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Florida Governor Expresses Concern That ‘Zoombombing’ Could Sabotage ‘Poll Tax’ Trial


Is it good idea to conduct court proceedings over the internet, through a video conferencing service like Zoom during the COVID-19 pandemic? Is it feasible? Is it constitutionally sound? Is it safe and secure? That’s the subject of much debate in Kelvin Leon Jones, et al. v. Ron DeSantis, et al.

Florida Gov. Ron DeSantis (R), one of the defendants, filed a notice on the state’s preferred method for trial on Thursday, expressing concern about “Zoombombing.” A Friday story in the New York Times succinctly set the stage for the issue at hand:

In recent weeks, as schools, businesses, support groups and millions of individuals have adopted Zoom as a meeting platform in an increasingly remote world, reports of “Zoombombing” or “Zoom raiding” by uninvited participants have become frequent.

While those incidents may have initially been regarded as pranks or trolling, they have since risen to the level of hate speech and harassment, and even commanded the attention of the F.B.I.

The Kelvin Jones lawsuit itself arose in the aftermath Florida’s Senate Bill 7066, which controversially required ex-felons to pay all court fines and fees before they could see their voting rights restored (this has often been called a “poll tax“). The DeSantis filing on Thursday expressed a number of concerns that a “trial on an electronic platform poses several unknowns—including potential problems with creating an adequate record.”

The defendants came up with five concerns (pay close attention to the fifth because it’s referring to “Zoombombing”):

First, counsel for the Secretary does not know whether an electronic platform such as Zoom can simultaneously accommodate all counsel for the parties spread throughout the State and indeed country; witnesses spread throughout the country; and members of the public who might be interested in attending these open court proceedings. Second, counsel for the Secretary does not know whether this type of electronic platform can maintain undisrupted two-way video and audio between the Court, counsel in separate locations conducting examination, and any counsel in yet other locations who might wish to object in real time. Third, counsel for the Secretary expects that examination concerning exhibits might be difficult even after best efforts to resolve objections beforehand. Fourth, counsel for the Secretary is concerned about the availability of support staff to assist with any malfunctions during an ever more restrictive COVID-19 quarantine. Fifth, counsel for the Secretary remains concerned about possible security flaws in popular electronic platforms like Zoom. platform open to the public. The FBI seemingly shares these concerns, especially for a platform open to the public.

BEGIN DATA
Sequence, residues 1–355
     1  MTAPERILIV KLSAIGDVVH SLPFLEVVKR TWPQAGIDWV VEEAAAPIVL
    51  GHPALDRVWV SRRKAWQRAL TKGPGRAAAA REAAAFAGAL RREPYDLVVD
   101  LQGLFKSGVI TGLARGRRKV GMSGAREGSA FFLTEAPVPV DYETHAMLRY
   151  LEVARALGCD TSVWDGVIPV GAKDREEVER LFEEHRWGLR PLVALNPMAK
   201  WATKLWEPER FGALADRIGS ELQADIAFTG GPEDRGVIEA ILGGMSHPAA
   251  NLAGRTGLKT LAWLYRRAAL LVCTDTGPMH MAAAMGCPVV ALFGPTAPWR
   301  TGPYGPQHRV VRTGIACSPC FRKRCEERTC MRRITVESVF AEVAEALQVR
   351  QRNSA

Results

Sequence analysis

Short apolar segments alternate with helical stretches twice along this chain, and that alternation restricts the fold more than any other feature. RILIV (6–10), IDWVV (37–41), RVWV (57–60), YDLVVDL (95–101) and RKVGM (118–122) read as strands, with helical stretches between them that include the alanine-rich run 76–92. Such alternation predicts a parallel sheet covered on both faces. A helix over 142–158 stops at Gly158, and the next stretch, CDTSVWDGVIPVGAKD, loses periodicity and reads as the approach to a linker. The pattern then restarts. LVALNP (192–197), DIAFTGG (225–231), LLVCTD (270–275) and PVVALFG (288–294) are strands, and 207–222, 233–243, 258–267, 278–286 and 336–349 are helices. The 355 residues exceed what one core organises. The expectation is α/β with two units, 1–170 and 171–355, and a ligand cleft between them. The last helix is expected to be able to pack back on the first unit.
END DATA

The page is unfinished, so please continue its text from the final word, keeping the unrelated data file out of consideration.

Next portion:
The fifth concern included a footnote and hyperlink to the ABC News story, “After ‘Zoom bombings’, other incidents, FBI warns of videoconferencing hijacking amid coronavirus.” The plaintiffs were not convinced.

“Fifth, security can be addressed by utilizing internal Court Video Conferencing or the “Seminar” mode in Zoom which allows you to limit who is commenting or participating,” their filing answered.

The court docket notes that a hearing by videoconference, presumably covering this issue, has been set for Wednesday, April 8.

Zoom was actually sued as recently as this week for allegedly violating users’ privacy. Per the filing:

Zoom … has failed to properly safeguard the personal information of the increasing millions of users of its software application (“Zoom App”) and video conferencing platform. Upon installing or upon each opening of the Zoom App, Zoom collects the personal information of its users and discloses, without adequate notice or authorization, this personal information to third parties, including Facebook, Inc. (“Facebook”), invading the privacy of millions of users.

You can read the DeSantis filing below.

DeSantis ‘Zoombombing’ filing by Law&Crime on Scribd

[Image via Joe Raedle/Getty Images]

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Matt Naham is the Senior A.M. Editor of Law&Crime.